Today we're launching a number of improvements to the amount and quality of information you can find with Google Squared, as well as new tools to sort and export the data.
As we explained when we first launched Squared in Labs this summer, the product takes on a difficult technical challenge. It's a first step towards automatically extracting useful facts from all over the web and presenting them in meaningful way. It has the potential to be particularly useful for research questions where the answers may not live on a single website, but instead must be combined from many different pages.
Rather than return a list of the most relevant websites, Squared returns a "square" (or table) of facts, sourced from across the Internet. For example, if you search Squared for [us presidents], each row on the resulting table represents a particular United States President, and the columns include relevant facts about him, such as date of birth, a picture and a short description.
At launch, your first square could include at most 30 facts. With today's update, squares display four times as much data — up to 120 facts. For example, instead of seeing only five presidents and three categories, now you'll see a table with 20 presidents and up to six attributes.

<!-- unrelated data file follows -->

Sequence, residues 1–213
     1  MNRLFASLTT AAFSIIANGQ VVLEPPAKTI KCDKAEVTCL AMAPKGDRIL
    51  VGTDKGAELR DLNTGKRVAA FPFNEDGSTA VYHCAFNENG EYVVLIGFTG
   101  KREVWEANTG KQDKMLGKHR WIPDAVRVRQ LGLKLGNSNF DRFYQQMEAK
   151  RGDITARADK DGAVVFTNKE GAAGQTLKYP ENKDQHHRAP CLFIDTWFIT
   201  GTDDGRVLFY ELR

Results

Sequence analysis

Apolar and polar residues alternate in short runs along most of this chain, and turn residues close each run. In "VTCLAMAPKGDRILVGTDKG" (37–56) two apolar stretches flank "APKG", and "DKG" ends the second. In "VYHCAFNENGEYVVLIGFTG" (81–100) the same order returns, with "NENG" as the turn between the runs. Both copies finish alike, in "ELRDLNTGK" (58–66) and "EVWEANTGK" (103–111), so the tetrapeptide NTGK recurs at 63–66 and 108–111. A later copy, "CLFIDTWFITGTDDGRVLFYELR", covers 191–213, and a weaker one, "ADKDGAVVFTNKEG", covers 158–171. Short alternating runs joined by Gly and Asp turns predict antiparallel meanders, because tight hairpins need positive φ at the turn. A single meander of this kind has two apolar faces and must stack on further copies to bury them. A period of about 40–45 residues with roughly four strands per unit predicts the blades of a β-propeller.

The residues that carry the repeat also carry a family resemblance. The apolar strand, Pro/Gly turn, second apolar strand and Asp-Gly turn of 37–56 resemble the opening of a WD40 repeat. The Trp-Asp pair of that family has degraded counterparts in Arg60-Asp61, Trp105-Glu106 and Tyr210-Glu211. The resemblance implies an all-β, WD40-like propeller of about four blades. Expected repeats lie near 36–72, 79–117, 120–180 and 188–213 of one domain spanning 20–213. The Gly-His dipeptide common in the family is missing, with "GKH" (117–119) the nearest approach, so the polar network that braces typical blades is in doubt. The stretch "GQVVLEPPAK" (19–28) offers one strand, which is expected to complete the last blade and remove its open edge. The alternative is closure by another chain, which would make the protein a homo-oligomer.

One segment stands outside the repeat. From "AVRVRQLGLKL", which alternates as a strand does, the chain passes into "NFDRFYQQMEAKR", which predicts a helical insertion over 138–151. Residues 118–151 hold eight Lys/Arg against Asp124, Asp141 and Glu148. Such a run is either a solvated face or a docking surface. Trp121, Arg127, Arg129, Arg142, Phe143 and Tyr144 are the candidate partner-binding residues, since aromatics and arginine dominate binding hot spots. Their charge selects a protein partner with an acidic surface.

The quality of the information is also better, because we're ranking based on both relevance to your query and whether we can find high quality facts. For example, in the past we would show you a column for "First Lady" even if the column only included a couple accurate names. Now we're actively filtering out items (rows) and attributes (columns) from the initial square if we haven't found enough accurate data. Perhaps more interesting, we built Squared to learn from edits and corrections, so as people have been improving their squares, Google Squared has gotten better for everyone.
In addition to improving the information in Squared results, we've also added the ability to sort columns, so you can rank, group and compare items. Squared will even convert units in the background to make sure the data is sorted properly. For example:
- Sort to find the largest [european countries] by population or area.
- See which mountains from the [colorado 14ers] are the tallest.
- Make a list of [new york city thai restaurants] to try, grouped by neighborhood.
- Find the newest [baseball stadiums].
There's a lot left to do before Squared is ready to leave Labs — we're still working on improving quality as well as the user interface — but we hope that our recent improvements make it more useful. In its experimental stage, Squared demonstrates an important future direction in search: understanding structured data from across the web to build new tools for organizing and presenting information. Try it out, and let us know what you think.
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